Taylor Swift clearly touched a nerve at Spotify last week when she pulled all of her music from the streaming service.
Daniel Ek, Spotify’s chief executive, has responded to her move by publishing a 1,800 word essay that defends the company’s business model and reveals some fascinating numbers about its growth. Read more
The Economist, the 171-year-old weekly magazine, is launching its first daily edition.
The new product, called The Economist Espresso, will be available from Friday via smartphone apps and email. It takes the form of a daily briefing that is designed to be read in a few minutes each morning, and is part of a drive to expand The Economist’s digital audience following the first circulation decline in more than a decade. Read more
The New York Times Company and Axel Springer are hoping that a little-known Dutch start-up called Blendle may hold the key to making money from news online.
The two media groups have paid a combined €3m to acquire a 23 per cent stake in Blendle, which was founded last year and styles itself as the “iTunes for journalism”.
Blendle was launched in the Netherlands in April and sells individual articles from a number of newspapers and magazines to internet users through its website and app. On average an article costs 20 cents. The pricing per article is set by the publishers and revenues are split 70:30 between the publisher and Blendle. If a reader doesn’t like an article, they can ask for a refund. Read more
Google has fired off a new salvo in its campaign to convince the world that Glass is cool rather than creepy.
A month after telling early adopters of the wearable technology how to avoid becoming a “Glasshole”, Google is now attempting to win over the public with a Buzzfeed-style list of “The Top 10 Google Glass Myths”. Read more
Technological utopians have been predicting for years that the internet will weaken the dominance of superstar artists in the music industry and enrich the teeming masses of smaller, niche creators.
But new research suggests that this “long tail” theory is wrong: superstars are capturing the vast majority of music revenues and their share is increasing – not decreasing – because of the rise of digital services like iTunes and Spotify.
The top 1 per cent of artists – the likes of Rihanna and Adele – accounted for a whopping 77 per cent of recorded music income in 2013, according to research by Mark Mulligan of Midia Consulting. Read more
A National Security Agency employee who co-chairs an influential cryptography standards group has survived an attempt to oust him following accusations that he promoted a flawed security protocol.
Kevin Igoe, a senior cryptographer at the NSA, is joint chair of the Crypto Forum Research Group. The CFRG plays an important role in online security because it provides guidance on cryptographic techniques to the Internet Engineering Task Force, a standard-setting body that helps shape the internet. Read more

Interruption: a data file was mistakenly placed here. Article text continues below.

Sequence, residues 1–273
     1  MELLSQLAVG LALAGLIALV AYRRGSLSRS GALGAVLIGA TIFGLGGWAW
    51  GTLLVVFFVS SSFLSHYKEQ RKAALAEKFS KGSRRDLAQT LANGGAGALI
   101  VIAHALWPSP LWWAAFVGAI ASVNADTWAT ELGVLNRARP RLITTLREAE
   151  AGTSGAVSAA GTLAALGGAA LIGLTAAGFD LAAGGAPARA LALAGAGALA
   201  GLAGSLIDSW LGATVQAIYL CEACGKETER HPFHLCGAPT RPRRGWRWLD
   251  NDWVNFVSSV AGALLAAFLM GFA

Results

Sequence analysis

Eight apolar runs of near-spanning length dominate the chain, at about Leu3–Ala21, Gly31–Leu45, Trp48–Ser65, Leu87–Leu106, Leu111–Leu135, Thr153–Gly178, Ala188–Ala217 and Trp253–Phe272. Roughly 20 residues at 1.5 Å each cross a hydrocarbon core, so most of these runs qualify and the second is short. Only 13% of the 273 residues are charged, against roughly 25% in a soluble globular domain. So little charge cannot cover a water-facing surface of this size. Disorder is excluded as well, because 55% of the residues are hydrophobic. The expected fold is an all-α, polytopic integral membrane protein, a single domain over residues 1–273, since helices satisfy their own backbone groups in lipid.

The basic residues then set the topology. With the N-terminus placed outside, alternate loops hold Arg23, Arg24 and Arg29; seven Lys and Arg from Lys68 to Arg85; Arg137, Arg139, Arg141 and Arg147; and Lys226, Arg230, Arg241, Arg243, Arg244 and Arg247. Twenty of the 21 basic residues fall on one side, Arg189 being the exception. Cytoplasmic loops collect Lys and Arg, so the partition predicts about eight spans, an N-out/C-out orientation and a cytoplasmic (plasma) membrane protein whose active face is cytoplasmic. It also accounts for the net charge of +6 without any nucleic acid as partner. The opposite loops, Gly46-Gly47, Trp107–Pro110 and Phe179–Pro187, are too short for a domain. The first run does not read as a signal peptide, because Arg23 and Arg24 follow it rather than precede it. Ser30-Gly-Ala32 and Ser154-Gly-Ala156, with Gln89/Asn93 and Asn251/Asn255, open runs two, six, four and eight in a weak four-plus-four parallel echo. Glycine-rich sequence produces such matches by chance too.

Endemol, the television production company behind Big Brother and Deal or No Deal, has placed a bet on the growth of social casino gaming with the acquisition of a $13m stake in London-based startup Plumbee.
The deal, which values Plumbee at $40m, brings together the world’s largest independent TV production company with a two-year-old startup whose flagship title Mirrorball Slots is among the top ten highest grossing social casino games on Facebook. Read more
Tim Berners-Lee, the inventor of the world wide web, has thrown his weight behind a new campaign to encourage people across the world to fight back against online censorship and surveillance.
In a letter to the Financial Times on Thursday, Sir Tim wrote that “now is the time for citizens to mobilise to demand that governments and companies respect and protect our basic freedoms online”. Read more
It’s personal, attention-grabbing, and highly effective: email is one of the most important ways that companies market their products to the masses.
So no wonder that email marketers are concerned that Google has redesigned Gmail in a way that filters deals, offers and promotional messages into a less prominent part of the inbox.
How worried should marketers be? To answer the question, FT Tech Blog has rustled up some striking data about how Gmail users are behaving following the changes. Read more
German publishers just can’t seem to make their minds up about Google.
Publishers such as Axel Springer pushed hard this year for a new law that only allows Google to include snippets of their articles in Google News if they have explicitly opted in to the service.
That law was introduced today – but nothing has changed. Rather than withholding their content, Germany’s top publishers have given Google News permission to continue as before. Read more
As apps go, Ant Smasher sounds simple enough. The free game, which has been downloaded more than 50m times from the Google Play app store, allows mobile phone users to entertain themselves by squishing digital ants as they scurry down the screen. Splat, splat, splat.
But Ant Smasher has a dark side. It is one of a growing wave of apps that contains “adware” – aggressive advertising technology that displays ads in a phone’s notification bar and other places outside of the app itself, without consent. Read more
Duedil, a start-up that provides information on every private company in the UK, has raised $5m in funding ahead of an expansion into more than a dozen countries across Europe.
The London-based company takes data from public and private databases and links it together to provide users with insights that would otherwise have been impossible to obtain. Read more
Ford and WPP have apologised for tasteless ads showing scantily-clad women bound and gagged in the back of a car.
While the images were never published as part of an official campaign, someone at JWT India, Ford’s agency in the country, uploaded them to the sharing site Ads of the World. Read more